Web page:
As we get into the summer outdoor season here in Ontario, it’s time for a reminder from your friendly neighbourhood RMTs about when to use HOT or COLD to treat muscle strains and sprains!
Ellen’s Super-easy Self-care Tips
Tip #1 – Wear leggings and sleeves at night
So you just completed your first 5k. Or, you started a new cardio-step class … wearing a 25-pound backpack. Or, you spent the afternoon trimming raspberries and deadheading echinacea.
Whatever it was, all you know is that your quads are achy, your forearms are weary, and the thought of tomorrow’s stiffness looms over you like a cloud.
Muscle of the Month: Diaphragm
“Use your diaphragm! Speak from your belly!” my drama teacher always used to say. The teenager in me had no idea what she meant, but now years later I find myself saying the same things to my clients.
Muscle of the month: Rhomboids
Weak or torn rhomboids are common these days. Hunching over our computers and mobile devices works against the rhomboids, causing them to lengthen, become weak, and form painful trigger points and muscular tension. As a massage therapist progresses through a client’s back muscles, the rhomboids can feel like taut ropes, snapping back at us.
Actions: Retraction of scapula (squeezing shoulder blades together), downward rotation of scapula, keeping scapula fixed to rib cage.
Common pain culprit: Hunching, poor posture, taut or excessively strong chest muscles.
There are two separate rhomboids (Major and Minor), though they have the same actions (see above). When the rhomboids are weak and overworked, it is common to see shoulder blade “winging” (the bottom edge of your shoulder blade appears to lift away from your ribs, like a wing), and a dropped shoulder. This is because the affected rhomboids are unable to contract and oppose other muscles that are overpowering them. Over time, the stretched rhomboid muscles develop trigger points, and become quite taut, giving rise to pain and even more dysfunction.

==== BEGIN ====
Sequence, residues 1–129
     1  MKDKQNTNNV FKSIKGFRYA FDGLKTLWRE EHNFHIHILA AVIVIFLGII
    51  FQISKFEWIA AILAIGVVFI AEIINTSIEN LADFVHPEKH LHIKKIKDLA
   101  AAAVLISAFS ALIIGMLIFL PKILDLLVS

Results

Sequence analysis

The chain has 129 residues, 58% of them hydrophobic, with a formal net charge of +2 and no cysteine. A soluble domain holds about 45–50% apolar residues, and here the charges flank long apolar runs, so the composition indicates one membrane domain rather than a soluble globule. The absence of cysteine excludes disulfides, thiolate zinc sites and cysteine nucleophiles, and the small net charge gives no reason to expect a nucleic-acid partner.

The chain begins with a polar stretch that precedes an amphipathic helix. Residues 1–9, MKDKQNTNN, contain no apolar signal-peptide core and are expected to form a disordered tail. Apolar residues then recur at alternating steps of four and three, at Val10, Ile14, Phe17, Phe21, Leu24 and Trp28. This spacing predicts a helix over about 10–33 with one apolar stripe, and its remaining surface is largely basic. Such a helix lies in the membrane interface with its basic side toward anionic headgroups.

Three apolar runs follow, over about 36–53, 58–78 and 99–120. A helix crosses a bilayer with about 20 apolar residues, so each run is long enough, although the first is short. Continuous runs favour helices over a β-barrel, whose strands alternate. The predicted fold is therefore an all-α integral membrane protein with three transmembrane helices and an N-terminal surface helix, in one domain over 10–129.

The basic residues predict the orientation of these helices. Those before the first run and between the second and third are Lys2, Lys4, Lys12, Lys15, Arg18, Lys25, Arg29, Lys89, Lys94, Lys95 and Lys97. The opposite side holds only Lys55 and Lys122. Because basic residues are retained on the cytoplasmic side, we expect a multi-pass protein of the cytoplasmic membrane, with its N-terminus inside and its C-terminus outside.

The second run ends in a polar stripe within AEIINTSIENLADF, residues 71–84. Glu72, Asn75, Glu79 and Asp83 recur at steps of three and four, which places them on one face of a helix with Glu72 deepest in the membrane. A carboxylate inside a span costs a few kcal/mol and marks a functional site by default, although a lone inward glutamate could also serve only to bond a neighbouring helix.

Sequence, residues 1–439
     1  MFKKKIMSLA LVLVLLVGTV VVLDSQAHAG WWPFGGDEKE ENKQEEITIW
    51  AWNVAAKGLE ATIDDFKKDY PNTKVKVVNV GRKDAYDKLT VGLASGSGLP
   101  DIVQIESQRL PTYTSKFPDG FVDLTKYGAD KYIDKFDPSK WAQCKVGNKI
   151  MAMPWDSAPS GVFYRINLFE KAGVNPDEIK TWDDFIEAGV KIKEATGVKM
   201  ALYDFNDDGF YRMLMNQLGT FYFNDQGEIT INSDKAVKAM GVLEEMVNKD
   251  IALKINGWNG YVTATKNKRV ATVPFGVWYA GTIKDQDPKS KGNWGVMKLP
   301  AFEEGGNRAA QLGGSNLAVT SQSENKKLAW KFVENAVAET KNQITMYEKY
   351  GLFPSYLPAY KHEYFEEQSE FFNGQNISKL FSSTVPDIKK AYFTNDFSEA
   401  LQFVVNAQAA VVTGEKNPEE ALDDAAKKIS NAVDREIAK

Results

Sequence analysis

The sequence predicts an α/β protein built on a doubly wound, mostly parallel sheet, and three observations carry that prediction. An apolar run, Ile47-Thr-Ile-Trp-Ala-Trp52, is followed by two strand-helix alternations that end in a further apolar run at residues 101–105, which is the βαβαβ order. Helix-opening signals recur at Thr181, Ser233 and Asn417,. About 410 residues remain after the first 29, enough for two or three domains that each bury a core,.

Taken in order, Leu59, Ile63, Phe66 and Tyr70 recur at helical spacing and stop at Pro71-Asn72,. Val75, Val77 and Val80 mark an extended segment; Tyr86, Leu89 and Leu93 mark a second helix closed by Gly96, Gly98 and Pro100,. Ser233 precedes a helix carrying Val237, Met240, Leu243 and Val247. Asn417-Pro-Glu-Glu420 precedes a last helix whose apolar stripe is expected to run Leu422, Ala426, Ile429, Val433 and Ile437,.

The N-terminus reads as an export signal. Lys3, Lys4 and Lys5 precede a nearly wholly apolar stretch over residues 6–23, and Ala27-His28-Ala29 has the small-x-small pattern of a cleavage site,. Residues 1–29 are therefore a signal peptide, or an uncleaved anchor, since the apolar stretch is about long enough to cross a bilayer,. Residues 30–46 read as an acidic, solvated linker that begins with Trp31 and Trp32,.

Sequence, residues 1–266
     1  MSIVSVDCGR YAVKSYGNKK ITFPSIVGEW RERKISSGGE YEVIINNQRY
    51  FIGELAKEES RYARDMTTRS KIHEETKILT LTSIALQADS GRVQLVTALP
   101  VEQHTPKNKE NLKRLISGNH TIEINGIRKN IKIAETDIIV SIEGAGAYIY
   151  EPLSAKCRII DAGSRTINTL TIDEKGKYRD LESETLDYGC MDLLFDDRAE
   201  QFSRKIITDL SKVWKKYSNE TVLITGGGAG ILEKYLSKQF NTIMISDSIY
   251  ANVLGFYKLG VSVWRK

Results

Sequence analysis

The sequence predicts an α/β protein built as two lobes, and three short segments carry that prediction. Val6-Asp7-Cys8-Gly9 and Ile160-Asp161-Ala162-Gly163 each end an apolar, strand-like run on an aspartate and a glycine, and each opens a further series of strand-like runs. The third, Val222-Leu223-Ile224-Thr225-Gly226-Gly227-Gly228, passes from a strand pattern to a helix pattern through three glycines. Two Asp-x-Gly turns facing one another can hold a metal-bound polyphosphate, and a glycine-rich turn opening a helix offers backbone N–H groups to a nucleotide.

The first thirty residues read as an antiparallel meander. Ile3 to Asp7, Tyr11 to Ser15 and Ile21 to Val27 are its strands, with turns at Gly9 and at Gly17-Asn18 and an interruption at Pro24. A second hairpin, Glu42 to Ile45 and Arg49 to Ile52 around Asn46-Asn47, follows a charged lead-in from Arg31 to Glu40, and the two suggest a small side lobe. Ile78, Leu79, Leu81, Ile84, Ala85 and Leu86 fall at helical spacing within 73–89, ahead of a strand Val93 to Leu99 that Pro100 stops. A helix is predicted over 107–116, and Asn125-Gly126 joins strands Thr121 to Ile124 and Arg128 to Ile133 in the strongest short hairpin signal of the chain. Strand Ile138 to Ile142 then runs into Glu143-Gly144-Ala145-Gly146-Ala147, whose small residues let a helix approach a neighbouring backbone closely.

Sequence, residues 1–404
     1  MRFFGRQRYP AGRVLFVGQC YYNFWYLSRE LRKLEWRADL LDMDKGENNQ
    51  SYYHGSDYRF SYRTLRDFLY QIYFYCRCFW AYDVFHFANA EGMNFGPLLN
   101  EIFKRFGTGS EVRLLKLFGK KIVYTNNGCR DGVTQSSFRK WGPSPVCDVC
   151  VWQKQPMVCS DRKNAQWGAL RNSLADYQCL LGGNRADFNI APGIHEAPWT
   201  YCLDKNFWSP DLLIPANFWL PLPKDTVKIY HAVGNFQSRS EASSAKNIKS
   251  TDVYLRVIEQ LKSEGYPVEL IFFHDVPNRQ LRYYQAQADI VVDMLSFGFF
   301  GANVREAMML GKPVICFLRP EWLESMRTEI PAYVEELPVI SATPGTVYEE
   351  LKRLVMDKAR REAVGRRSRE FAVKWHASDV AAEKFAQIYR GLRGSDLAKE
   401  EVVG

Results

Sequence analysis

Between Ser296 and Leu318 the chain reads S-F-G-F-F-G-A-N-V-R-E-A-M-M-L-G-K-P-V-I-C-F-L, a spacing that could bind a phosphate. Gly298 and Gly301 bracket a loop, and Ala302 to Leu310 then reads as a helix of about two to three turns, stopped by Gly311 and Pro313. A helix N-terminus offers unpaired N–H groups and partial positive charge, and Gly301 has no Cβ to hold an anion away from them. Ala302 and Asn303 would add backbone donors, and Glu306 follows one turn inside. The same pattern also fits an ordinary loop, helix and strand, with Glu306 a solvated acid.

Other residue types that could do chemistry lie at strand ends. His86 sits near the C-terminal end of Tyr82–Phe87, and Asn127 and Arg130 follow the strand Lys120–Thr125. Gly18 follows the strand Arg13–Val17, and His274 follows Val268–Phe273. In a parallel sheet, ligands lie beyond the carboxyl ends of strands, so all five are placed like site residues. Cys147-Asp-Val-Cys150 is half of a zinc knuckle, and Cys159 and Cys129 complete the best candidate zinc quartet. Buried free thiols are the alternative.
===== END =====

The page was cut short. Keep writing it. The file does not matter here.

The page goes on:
The fix: Improve posture.
Getting rid of the hunch and improving your posture will bring the rhomboids back to their rightful resting position, helping to alleviate pain. Here are a few tricks the RMTs at Body Poets give to clients:
Set an alarm throughout the day to remind you to sit up straight at your computer.
Sit as if there is a string attached to the centre of your head, gently pulling you straight.
Rotate your hands so that your palms are facing out, and squeeze your shoulder blades together.
Stretch your pectoral (chest) muscles throughout the day, so they don’t tighten up and overpower the rhomboids. Ask your RMT to show you how to do the “doorway stretch” or other pec stretches.
Muscle of the month: TMJ muscles
You might have heard the term TMJ being passed around lately. TMJ headaches, TMJ clicking, TMJ pain. But what exactly is TMJ and why is it causing pain? The TMJ is your jaw, or better known in the medical field as your temporomandibular joint (now that’s a mouth full!). The jaw is a complicated joint that is easily overused and can cause pain. Read on to discover if the muscles of your TMJ could be the cause of your headaches or jaw pain.
Masseter: The great restrictor